by Victoria Loehle
It should be little more than a label for certain frequencies of light. To her, it is also a color reminiscent of bruises and depression and marrow-freezing cold. To them, it is a name.
Her skin is the color of a body of water beneath a cloudless summer sky mere moments before sunrise, but they call her Blue. Their skin is pinkish and pale and sometimes almost tan enough to look bronze, but she never thinks of them as White. Instead, she thinks of them as sort of small-brained and stubborn because, no matter how many times she reminds them of her name, they always fail to call her Ray.
They stare at her, too, always through eyes that are a bit more than curious yet a bit less than cruel, because she braids strings of shark teeth into her hair and wears a manta tail around her neck like a scarf—just like her mother and both of her grandmothers and all six of her aunts. She loves those shark teeth—memories, good and bad and beautiful and sad alike, bound together with sinews borrowed from some of her great white-bellied allies—and she is too proud of that hard-earned manta tail to ever give it up.
“I wish they would stop,” she grumbles, as Mara places a gnarled grey finger beneath her chin and lifts her gaze away from her sand-dusted toes.
“No,” Mara states, her voice as firm as her deep silver eyes. Her wrinkled face quivers with close to a century of repressed pain and grudging acceptance—she used to wish and pray and dream about things, too, but she knows better now. “That wish is a waste of breath. They do not know how to change.”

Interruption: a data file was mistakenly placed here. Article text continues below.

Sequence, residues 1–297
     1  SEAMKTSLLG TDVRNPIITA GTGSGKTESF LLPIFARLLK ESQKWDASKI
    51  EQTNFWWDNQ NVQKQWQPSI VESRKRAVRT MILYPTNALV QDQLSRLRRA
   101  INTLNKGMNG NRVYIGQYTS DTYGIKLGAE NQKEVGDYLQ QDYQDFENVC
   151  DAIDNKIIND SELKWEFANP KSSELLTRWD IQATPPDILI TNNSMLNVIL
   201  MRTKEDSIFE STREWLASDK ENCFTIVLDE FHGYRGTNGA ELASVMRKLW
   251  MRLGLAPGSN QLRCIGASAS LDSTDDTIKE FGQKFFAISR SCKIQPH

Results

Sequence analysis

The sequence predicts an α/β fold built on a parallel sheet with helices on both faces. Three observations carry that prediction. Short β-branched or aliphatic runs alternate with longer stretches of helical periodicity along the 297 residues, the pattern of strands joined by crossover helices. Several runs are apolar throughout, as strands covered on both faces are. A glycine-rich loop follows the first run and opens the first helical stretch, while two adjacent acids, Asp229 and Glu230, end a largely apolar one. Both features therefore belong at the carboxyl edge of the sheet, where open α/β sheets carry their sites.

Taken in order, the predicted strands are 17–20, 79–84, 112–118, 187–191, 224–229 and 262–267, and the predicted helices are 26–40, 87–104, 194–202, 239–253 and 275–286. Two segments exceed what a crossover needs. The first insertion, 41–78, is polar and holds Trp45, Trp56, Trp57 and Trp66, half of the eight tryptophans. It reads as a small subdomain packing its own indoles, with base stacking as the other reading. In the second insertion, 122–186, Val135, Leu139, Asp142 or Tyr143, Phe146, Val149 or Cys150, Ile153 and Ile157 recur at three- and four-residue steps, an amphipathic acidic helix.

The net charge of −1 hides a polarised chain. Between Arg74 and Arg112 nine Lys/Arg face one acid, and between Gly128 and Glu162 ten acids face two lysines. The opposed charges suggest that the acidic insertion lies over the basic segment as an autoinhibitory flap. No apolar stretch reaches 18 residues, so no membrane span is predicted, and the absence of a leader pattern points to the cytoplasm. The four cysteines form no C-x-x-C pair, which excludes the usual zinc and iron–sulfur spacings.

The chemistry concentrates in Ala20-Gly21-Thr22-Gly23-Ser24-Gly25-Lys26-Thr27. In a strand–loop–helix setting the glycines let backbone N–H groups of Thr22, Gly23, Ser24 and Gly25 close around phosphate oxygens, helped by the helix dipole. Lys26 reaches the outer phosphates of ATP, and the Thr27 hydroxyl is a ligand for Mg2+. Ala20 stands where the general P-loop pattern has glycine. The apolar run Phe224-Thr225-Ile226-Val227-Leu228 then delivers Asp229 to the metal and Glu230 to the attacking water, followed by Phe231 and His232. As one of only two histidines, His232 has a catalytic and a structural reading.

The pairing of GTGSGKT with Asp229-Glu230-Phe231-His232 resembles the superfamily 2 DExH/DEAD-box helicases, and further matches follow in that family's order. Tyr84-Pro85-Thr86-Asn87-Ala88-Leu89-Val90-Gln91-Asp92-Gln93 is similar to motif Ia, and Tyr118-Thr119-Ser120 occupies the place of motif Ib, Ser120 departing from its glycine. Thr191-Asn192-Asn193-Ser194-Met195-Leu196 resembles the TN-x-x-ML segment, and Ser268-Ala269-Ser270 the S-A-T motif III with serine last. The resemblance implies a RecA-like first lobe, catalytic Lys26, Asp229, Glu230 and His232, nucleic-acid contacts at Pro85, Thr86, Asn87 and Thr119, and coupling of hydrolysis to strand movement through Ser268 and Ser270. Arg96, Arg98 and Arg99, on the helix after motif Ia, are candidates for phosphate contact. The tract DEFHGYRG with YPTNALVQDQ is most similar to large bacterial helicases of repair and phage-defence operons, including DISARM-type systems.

“But we do,” Ray whispers.
Mara narrows her eyes—a glare as sharp as a harpoon.
“We just… choose not to…”
Mara folds her sun-freckled arms across her drooping chest. “And you disapprove.”
Not a question.
“You are too young to understand,” Mara growls, stabbing her carven whale-bone cane into a warping plank of boardwalk wood and struggling to rise from their sagging, meet-up-here bench. She steadies herself on her time-withered legs then faces their Ocean—a world of water and wonders born long before Her overpopulated shores of sand and stone, now beckoning to Her most audacious landlings from beneath a mask of glimmering indigo and orange waves and a crown of sinking scarlet sun…
Ray wants more than anything to return to Her—Then Mara recaptures her attention, and she obliges herself to remain seated and listen:
“You look at one of them, and you see another living being—something beautiful and intelligent, something to be valued and, at the very least, respected, something much like you. You notice subtle differences between us and them, of course, but you are too naïve to think of any of those as flaws. You thus fail to judge them.
“They look at you, and they see Blue—something strange, something to be frightened of and, at the very least, evaded, something not at all like them. Yet you wonder why they judge you, why they stare… To them, you are flawed. To them, you will never be good enough to be their equal; no matter what you do with your life, to them, you will always be a lesser being.”
Mara closes her eyes, breathing in a warm, salty breeze from their Ocean.
“Why do they see Blue?”
“Because they choose to see nothing else, and they do not know how to change.”
Victoria Loehle is from Morganville, New Jersey, and studies electrical and computer engineering and management engineering at Worcester Polytechnic Institute, Worcester, Massachusetts. She has co-written two plays and a forthcoming science fiction novel.
Photo credit: Lapis lazuli from Siberia. Photography. Encyclopædia Britannica ImageQuest. Web. 10 Mar 2016.